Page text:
2. Plaintiffs are Not Entitled to Default Judgment for Defendants' Failure to Comply with the Court's May 28, 2010, Order

Plaintiffs also maintain that default judgment should be entered against Defendants because they failed to submit a proposed order as ordered by the Court on May 28, 2010. Defendants contend that, although a proposed order was not submitted timely, such a proposed order has now been filed. As explained above, default judgment is appropriate as a sanction only in the most extreme instances of party misconduct or abuse of the judicial process. Wyle, 709 F.2d at 589; Fjelstad, 762 F.2d at 1338; see United States v. Sumitomo Marine & Fire Ins. Co., Ltd., 617 F.2d 1365, 1369 (9th Cir. 1980) (mere negligent conduct is insufficient to impose sanctions such as dismissal or default).

Here, Plaintiffs' request for default judgment is misplaced. Defendants' failure to submit a proposed order in compliance with the Court's May 28, 2010, order was not prejudicial to Plaintiffs as it did not cause them any inconvenience or delay. Further, Plaintiffs have not shown that Defendants' failure was a bad-faith, tactical abuse of the judicial process, or that Defendants have demonstrated a pervasive refusal to comply with orders of the Court. Moreover, Defendants' failure to file the proposed order does not "threaten to interfere with the rightful decision of the case." Wyle, 709 F.2d at 591. Although Defendants would be wise to comply fully with Court orders in the future and they risk sanctions if they do not, their failure to timely comply with the Court's May 28, 2010, order is not an extreme instance of party misconduct or an abuse of the judicial process that would justify the entry of default judgment. Thus, the Court declines to recommend a case terminating sanction of entry of default judgment.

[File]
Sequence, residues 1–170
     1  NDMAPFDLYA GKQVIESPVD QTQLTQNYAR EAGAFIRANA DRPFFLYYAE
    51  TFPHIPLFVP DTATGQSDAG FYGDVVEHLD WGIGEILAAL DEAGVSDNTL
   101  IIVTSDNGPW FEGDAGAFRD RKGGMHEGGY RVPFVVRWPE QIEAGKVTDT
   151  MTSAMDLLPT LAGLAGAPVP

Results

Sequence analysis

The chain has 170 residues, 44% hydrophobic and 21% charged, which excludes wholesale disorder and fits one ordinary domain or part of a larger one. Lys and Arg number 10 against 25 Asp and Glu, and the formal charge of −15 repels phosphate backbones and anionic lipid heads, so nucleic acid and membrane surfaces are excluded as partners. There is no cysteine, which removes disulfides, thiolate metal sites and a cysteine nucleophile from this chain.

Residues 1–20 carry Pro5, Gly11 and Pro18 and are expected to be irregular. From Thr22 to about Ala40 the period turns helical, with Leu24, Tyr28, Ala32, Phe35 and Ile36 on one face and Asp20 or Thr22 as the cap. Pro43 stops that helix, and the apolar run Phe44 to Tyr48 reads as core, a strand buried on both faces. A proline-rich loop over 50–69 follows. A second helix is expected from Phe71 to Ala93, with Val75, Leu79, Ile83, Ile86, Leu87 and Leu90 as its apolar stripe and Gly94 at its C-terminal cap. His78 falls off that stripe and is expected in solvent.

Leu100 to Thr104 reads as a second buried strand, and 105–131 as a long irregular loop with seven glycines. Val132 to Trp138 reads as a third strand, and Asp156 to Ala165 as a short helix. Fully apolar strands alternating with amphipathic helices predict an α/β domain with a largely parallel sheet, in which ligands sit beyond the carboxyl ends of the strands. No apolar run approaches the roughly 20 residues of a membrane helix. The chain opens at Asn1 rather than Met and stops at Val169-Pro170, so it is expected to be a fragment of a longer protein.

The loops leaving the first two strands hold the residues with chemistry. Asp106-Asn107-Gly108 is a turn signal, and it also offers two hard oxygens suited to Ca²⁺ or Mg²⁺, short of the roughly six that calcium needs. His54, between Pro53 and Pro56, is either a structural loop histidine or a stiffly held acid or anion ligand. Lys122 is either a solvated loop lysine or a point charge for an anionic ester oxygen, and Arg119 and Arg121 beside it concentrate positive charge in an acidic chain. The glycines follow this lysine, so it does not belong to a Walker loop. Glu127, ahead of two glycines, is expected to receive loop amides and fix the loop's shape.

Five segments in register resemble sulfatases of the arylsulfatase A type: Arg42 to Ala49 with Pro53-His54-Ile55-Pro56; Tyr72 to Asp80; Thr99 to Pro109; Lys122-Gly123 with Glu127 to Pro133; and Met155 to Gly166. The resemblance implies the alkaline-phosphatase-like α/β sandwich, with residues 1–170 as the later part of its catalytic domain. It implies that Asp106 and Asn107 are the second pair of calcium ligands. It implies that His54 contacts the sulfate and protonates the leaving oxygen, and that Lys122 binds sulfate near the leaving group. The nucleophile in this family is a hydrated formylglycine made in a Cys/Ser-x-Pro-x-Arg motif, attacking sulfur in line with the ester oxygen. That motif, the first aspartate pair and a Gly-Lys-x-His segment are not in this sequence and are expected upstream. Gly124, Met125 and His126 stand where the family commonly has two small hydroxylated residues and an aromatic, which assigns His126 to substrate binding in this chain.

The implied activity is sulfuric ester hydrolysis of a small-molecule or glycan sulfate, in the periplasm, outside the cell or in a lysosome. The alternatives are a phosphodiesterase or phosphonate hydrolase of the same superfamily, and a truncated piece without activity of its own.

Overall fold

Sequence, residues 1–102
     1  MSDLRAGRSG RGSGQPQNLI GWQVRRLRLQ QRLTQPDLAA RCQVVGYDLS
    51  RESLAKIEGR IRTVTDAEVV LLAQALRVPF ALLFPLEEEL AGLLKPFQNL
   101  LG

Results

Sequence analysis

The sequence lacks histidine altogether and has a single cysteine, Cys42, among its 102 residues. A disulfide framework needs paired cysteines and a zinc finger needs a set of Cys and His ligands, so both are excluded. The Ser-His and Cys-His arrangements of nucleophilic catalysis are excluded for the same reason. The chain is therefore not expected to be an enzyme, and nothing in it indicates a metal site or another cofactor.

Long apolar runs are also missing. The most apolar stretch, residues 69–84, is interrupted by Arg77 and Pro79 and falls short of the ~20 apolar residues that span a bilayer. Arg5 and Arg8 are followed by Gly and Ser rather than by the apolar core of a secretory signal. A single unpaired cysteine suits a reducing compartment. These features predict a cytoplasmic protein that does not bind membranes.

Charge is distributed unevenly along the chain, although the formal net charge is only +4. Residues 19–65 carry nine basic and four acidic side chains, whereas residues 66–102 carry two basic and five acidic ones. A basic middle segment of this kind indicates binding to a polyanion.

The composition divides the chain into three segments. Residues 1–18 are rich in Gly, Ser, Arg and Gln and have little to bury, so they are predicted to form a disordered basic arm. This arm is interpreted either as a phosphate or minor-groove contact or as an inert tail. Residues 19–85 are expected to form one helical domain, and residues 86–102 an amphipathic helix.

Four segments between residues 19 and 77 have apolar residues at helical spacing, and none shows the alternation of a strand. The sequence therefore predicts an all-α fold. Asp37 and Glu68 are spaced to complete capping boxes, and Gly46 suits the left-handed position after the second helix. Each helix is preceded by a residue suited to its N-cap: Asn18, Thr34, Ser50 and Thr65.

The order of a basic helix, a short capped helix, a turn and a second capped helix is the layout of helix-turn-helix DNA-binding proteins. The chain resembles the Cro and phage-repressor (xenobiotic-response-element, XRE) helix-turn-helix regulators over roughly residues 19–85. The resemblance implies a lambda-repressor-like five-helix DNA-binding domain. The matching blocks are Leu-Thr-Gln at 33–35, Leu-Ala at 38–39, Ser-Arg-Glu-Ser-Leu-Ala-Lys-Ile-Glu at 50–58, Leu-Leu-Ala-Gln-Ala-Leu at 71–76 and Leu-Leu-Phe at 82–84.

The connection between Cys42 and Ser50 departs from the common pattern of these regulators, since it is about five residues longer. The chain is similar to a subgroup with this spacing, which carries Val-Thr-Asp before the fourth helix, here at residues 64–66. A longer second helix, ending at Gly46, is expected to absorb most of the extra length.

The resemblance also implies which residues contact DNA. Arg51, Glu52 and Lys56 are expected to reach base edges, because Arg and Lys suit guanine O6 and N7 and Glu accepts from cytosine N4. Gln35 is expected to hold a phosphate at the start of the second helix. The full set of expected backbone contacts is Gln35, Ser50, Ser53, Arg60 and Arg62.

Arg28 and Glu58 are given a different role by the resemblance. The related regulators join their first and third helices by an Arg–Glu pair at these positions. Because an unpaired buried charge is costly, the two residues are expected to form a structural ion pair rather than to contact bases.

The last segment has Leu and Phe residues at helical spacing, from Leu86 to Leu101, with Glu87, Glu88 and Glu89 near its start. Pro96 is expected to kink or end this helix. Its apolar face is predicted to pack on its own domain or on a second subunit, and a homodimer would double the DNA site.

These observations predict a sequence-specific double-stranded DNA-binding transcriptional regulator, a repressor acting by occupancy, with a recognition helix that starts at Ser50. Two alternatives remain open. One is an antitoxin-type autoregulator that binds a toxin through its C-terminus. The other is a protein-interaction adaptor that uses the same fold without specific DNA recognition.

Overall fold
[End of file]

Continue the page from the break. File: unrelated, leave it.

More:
As a final note, the Court is extremely mindful of the Eastern District's immense caseload and the voluminous number of cases (approximately 1300) pending before each district judge. If Defendants had been carefully adhering to the Court's order, perhaps Plaintiffs' request could have been avoided, at least in part. Further, while Plaintiffs are appearing pro se, and the Court will liberally construe their pleadings in that capacity, Plaintiffs are informed that the use of default judgment as a case-terminating sanction is appropriate in only extreme cases of abuse of judicial process or party misconduct. At some point, misplaced requests for default judgment for infractions of court orders become an abuse of judicial process in and of themselves. While Plaintiffs are correct to pay diligent attention to the Court's orders,*fn2 Plaintiffs must also be prudent in seeking case-ending sanctions for Defendants' failure to do so. Plaintiffs are informed and reassured that the Court has inherent power to enforce and require compliance with its own orders, and does not require a request from a party to exercise those powers.

Accordingly, IT IS HEREBY ORDERED THAT Plaintiffs' request for default judgment is DENIED.

IT IS SO ORDERED.